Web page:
An inside look at some beloved US sociopaths, from Doug Casey at internationalman.com:
International Man: Government attracts sociopathic types who are interested in wielding power over others. These are the kinds of people who rise to the top of the Deep State, the permanently entrenched bureaucracy.
You’ve met your fair share of swamp creatures. Tell us about the time you met former Vice President Dick Cheney.
Doug Casey: It was at the New Orleans Investment Conference, the year Dick Cheney was running for president. A friend of mine who took a dislike to Cheney invited me to join him at a special meeting that had been organized for Republican fat cats—potential donors to Cheney’s campaign.
Cheney was pressing the flesh and holding forth. I joined the group, and Cheney comes up to me, as he did to everybody. He says, “Dick Cheney, it’s nice to meet you,” and sticks his hand out. I looked at him and said, “Dick, I’m not going to shake hands with you. I despise you and everything you stand for.”
I thought that delivering a verbal gut blow in public might shatter his criminal persona. But he’s a skilled politician and has been around the block many times.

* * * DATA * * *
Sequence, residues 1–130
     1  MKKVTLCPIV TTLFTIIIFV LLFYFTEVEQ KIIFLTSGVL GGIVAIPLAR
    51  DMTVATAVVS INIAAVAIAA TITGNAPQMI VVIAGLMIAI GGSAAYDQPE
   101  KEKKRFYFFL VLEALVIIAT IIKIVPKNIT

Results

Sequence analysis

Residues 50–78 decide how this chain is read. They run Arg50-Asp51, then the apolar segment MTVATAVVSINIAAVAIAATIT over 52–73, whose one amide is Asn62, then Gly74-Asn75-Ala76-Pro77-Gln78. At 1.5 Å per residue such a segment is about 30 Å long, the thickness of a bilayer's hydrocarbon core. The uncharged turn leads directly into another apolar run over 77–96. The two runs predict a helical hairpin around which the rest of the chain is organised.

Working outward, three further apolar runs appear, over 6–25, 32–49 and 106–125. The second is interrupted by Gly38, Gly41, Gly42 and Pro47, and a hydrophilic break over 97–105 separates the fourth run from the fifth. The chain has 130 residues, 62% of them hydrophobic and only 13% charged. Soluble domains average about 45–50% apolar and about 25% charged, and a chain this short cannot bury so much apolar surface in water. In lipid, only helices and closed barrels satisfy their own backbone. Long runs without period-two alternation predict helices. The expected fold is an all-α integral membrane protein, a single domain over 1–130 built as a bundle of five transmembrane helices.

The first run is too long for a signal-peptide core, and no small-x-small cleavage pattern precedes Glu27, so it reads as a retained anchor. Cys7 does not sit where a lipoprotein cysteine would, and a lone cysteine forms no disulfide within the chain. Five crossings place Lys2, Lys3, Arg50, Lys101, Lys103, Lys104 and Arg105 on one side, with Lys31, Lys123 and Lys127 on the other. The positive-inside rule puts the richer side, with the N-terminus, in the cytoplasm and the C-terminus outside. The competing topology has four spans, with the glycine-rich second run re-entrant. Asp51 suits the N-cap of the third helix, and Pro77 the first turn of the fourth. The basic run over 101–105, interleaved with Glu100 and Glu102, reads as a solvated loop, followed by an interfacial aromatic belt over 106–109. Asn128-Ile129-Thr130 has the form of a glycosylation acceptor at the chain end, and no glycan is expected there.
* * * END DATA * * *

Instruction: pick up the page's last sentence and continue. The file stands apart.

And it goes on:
His comeback was, “Well, why do you say that?” That gave me 60 seconds to detail exactly why I thought he was a horrible human being. He tried not to show it, but it threw him off balance and destroyed any possibility of raising money from the assembled fat cats. I think it’s important that self-important public figures be treated appropriately, as they deserve.
About a week later, I was at another conference in San Francisco. Cheney was also there; he was attending all of the hard money/conservative conferences. He figured that attendees—wealthy, conservative Republicans—were likely donors to his campaign.
Anyway, my friend Mark Skousen ran into Cheney at the Hyatt’s business center.
Mark went up to Cheney, and to break the ice said, “Mr. Cheney, it’s nice to meet you. I understand that you met my friend Doug Casey last week in New Orleans.” I don’t think Mark was trying to wave a red flag in front of an angry bull—just being naive.
Cheney wouldn’t shake hands and refused to talk to him.